2 Interface Functions

2.1  Overview

The following interface functions are included with the graphics system:

  • gs:start(). This function starts the graphics server and returns its object identifier. If the graphics server has already been started, it returns its original identifier.
  • gs:stop(). This function stops the graphics server and closes all windows which gs has launched. This function is not the opposite of gs:start/0 because gs:stop/1 causes all applications to lose the graphics server and the objects created with the gs system.
  • gs:create(Objtype, Parent, Options). This function creates a new object of specified Objtype as a child to the specified Parent. It configures the object with Options and returns the identifier for the object, or {error,Reason}.
  • gs:create(Objtype, Name, Parent, Options). This function is identical to the previously listed function, except that a Name is specified to reference the object. Name is an atom.
  • gs:destroy(IdOrName). This function destroys an object and all its children.
  • gs:config(IdOrNeme, Options). This function configures an object with Options. It returns ok, or {error,Reason}.
  • gs:read(Id_or_Name, OptionKey). This function reads the value of an object option. It returns the value, or {error,Reason}.

The above list contains all the function which are needed with the graphics system. For convenience, the following aliases also exist:

  • gs:create(Obttype, Parent).
  • gs:create(Objtype, Parent, Options).
  • gs:create(Objtype, Parent, Option).
  • gs:create(Objtype, Name, Parent, Options).
  • gs:create(Objtype, Name, Parent, Option).
  • gs:Objecttype(Parent).
  • gs:Objecttype(Parent,Options).
  • gs:Objecttype(Parent, Option).
  • gs:Objecttype(Name, Parent, Options).
  • gs:Objecttype(Name, Parent, Option).
  • gs:config(IdOrName, Option).

These shorthands can be used as follows:

  • gs:window(gs:start(), {map,true}).
  • gs:button(W).
  • gs:config(B,{label,{text,"Hi!"}}).

The create_tree/2 function is useful for creating a large hierarchy of objects. It has the following syntax:

create_tree(ParentId,Tree) -> | {error,Reason}

Tree is a list of Object, and Object is any of the following:

  • {ObjectType,Name,Options,Tree}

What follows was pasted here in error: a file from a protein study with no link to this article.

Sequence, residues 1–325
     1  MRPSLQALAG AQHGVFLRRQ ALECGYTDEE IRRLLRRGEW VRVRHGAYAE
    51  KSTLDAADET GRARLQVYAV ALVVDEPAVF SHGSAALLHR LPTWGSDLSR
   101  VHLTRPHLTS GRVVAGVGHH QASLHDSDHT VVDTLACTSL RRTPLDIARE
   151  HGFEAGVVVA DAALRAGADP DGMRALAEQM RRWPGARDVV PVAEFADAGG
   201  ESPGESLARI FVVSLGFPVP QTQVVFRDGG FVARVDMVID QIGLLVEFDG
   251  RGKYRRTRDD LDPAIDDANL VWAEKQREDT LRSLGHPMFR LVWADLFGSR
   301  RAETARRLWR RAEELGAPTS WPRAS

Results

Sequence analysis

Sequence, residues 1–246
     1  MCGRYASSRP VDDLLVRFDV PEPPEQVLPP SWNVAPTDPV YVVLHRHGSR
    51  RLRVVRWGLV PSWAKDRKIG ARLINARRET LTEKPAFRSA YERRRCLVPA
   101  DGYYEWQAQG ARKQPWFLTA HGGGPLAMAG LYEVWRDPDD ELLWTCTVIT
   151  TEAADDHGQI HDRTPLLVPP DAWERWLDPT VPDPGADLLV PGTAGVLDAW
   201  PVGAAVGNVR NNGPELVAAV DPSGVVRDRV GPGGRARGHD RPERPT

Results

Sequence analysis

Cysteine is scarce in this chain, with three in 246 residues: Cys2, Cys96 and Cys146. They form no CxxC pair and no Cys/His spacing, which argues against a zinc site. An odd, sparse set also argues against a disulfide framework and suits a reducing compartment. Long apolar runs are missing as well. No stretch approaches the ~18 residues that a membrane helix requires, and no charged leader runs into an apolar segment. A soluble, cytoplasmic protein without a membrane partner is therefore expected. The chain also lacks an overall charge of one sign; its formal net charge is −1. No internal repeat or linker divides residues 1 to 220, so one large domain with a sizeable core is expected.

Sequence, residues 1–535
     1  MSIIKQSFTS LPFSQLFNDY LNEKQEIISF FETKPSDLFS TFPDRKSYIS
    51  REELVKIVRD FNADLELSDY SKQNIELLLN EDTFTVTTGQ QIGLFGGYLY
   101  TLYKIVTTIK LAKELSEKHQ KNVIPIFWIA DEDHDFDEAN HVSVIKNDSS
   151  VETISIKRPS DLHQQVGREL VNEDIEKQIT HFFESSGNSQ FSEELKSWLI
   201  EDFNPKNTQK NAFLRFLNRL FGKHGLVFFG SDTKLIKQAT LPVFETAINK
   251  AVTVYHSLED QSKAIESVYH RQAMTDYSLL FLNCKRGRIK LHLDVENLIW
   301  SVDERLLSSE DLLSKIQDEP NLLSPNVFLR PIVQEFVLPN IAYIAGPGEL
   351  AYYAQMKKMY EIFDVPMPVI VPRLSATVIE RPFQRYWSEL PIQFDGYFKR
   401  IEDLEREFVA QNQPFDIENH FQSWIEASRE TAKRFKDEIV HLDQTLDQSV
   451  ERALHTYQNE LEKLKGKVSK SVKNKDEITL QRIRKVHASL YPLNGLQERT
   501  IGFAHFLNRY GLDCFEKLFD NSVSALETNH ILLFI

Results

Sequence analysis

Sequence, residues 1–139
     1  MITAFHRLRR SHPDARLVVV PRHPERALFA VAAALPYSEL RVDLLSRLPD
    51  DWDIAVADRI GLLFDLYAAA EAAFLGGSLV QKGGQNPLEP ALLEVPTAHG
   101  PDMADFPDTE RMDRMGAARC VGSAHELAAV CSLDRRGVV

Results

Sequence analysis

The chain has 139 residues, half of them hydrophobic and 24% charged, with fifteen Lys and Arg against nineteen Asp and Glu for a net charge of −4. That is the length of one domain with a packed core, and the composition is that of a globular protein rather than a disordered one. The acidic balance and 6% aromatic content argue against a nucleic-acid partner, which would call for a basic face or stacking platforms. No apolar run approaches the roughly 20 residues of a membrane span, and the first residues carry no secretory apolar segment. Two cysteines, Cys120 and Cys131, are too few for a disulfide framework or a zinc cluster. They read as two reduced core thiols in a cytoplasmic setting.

• {ObjectType,Options,Tree}
  • {ObjectType,Options}

The following example constructs a window which contains two objects, a button and a frame with a label:

R = [{window,[{map,true}],

2.2  A First Example

The first action required is to start up the graphics server. This operation returns an identifier for the server process, which registers itself under the name gs. If a graphics server was already started, its identifier is returned. We can now create objects and configure the behavior and appearance of these objects. When all objects are created and configured in a top level window, we map it on the screen to make it visible. The example below shows how to create a window with a button that says "Press Me".

-copyright('Copyright (c) 1991-97 Ericsson Telecom AB').
-vsn('$Revision: /main/release/2 $ ').


init() -> 
    S = gs:start(),
    %% the parent of a top-level window is the gs server
    Win = gs:create(window,S,[{width,200},{height,100}]),
    Butt = gs:create(button,Win,[{label, {text,"Press Me"}}]),
    gs:config(Win, {map,true}),

loop(Butt) ->
        {gs, Butt, click, Data, Args} ->
            io:format("Hello There~n",[]),

The following steps were completed in this code:

  • start a graphics server
  • create a window of specified width and height
  • create a button with the text "Press Me"
  • map the window on the screen
  • enter the event loop.

The event loop is where we receive events from gs. In this case, we want to receive a click event from the button. This event is delivered when the user presses the button.